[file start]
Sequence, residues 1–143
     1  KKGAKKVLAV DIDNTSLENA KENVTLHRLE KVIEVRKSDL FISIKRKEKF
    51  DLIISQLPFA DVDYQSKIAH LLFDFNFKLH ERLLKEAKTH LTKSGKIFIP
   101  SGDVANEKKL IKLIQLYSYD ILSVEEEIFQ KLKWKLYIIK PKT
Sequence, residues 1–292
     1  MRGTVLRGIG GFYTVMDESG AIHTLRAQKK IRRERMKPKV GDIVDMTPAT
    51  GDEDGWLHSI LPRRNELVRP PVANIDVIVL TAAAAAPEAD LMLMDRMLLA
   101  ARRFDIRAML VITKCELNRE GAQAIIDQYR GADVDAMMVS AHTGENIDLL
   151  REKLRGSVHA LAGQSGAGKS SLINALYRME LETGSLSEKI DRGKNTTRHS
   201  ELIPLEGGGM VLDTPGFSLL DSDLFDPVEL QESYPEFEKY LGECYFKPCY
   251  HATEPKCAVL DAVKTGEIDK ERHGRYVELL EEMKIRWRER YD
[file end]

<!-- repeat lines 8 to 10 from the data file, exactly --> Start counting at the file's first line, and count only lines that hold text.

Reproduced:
   101  ARRFDIRAML VITKCELNRE GAQAIIDQYR GADVDAMMVS AHTGENIDLL
   151  REKLRGSVHA LAGQSGAGKS SLINALYRME LETGSLSEKI DRGKNTTRHS
   201  ELIPLEGGGM VLDTPGFSLL DSDLFDPVEL QESYPEFEKY LGECYFKPCY